According to the Forex Association of Pakistan, the dollar was trading at a record Rs216 against the local currency at 3:12pm, up Rs5, or 2.4 per cent, from Friday’s close of Rs210.95.
The dollar eventually closed at Rs215.2, with the local currency depreciating 1.97pc, according to data shared by the State Bank of Pakistan (SBP).
After reaching a peak of Rs211.93 on June 22, the dollar started declining for a brief period and fell to a low of Rs204.56 on July 4.
However, the strength gained by the rupee after $2.3 billion Chinese inflows evaporated within a couple of weeks, as the dollar snapped the rupee’s rising streak and gained Rs2.38 in the interbank market on July 5, the first appreciation in the new fiscal year.
Since then, the greenback has continued to rise with a slight reversal of the trend on July 15 — the day the IMF announced it had reached a staff-level agreement with the government. However, the rupee reversed its gains the very next day with analysts attributing it to low inflows and import payments.
‘Market uncertain about new setup’
Saad bin Naseer, director of Mettis Global, a web-based financial data and analytics portal, attributed the greenback’s gains to political uncertainty following the results of the by-polls on 20 Punjab Assembly seats a day earlier.
The PTI routed the PML-N by winning at least 15 seats in the crucial by-elections, which means that incumbent Punjab Chief Minister Hamza Shehbaz will likely be unable to show the simple majority needed to remain the chief executive in the re-election scheduled for July 22.
Naseer said that the results of the by-polls had raised concerns about the future of the coalition government in the centre and thus, created political uncertainty.
“The rupee is under pressure as the market is uncertain about the new setup and the decisions it will take to stabilise the economy, especially the fate of bilateral inflows currently being negotiated by the current finance minister.”
Analyst Komal Mansoor said the rupee had nosedived because of yesterday’s political events.
“The PTI’s win has cast doubt on the sustainability of the current government and the sentiment has again turned negative,” she said.
She predicted that the rupee would have a “rollercoaster ride this week” until the central bank steps in.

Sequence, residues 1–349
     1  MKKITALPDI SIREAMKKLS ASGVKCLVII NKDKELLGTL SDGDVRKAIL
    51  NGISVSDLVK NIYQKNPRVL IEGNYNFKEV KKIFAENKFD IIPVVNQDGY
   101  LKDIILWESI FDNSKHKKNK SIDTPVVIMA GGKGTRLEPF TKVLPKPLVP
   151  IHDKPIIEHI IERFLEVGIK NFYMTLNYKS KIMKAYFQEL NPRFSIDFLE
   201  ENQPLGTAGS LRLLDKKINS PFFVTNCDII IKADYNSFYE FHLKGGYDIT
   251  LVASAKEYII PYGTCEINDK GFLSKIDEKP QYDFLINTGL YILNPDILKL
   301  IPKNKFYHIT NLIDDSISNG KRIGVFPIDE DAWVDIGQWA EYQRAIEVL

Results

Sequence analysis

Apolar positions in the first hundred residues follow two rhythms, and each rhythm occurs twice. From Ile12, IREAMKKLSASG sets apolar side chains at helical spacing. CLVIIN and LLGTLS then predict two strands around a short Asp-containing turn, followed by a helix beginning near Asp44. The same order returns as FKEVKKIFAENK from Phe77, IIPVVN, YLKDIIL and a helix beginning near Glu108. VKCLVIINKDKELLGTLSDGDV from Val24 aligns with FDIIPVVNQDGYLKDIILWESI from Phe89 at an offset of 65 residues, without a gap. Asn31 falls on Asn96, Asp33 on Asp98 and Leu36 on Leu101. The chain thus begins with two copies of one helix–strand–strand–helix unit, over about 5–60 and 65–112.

Meanwhile, Exchange Companies Association of Pakistan General Secretary Zafar Paracha laid the blame on the government and state institutions.
He noted that the government and the International Monetary Fund (IMF) had reached an agreement, oil prices had dropped internationally and the interest rate hiked, which meant that people would be interested in the rupee rather than the dollar.
“The dollar should have dropped [in price] because of this and people should have gone towards bank deposits. We believe the dollar is rising because of the government’s [complacency] since the government or other state institutions do not appear to be concerned and it seems like they are fulfilling some target given to them by the IMF.”
Paracha also shared apprehensions that foreign investors were reluctant to invest in the country because they had “no idea” how high the dollar would rise, while the growth rate of remittances had dropped because overseas Pakistanis were “unhappy”.
PTI Chimes in
Former finance minister Shaukat Tarin also attributed the rupee’s decline to political uncertainty following the by-elections.
Political uncertainty breeds economic instability, he said and called for general elections to be announced to “kill this uncertainty”.
PTI secretary general Asad Umar, who also had a brief stint as the country’s finance minister during the party’s time in government, shared similar views.
“This political uncertainty is bleeding the economy and inflicting tremendous pain on the people,” he tweeted.
He termed the incumbent government a “badly conceived and badly executed experiment” and demanded an end to it.
“Pakistan cannot be made to suffer any more for poor decisions,” he added.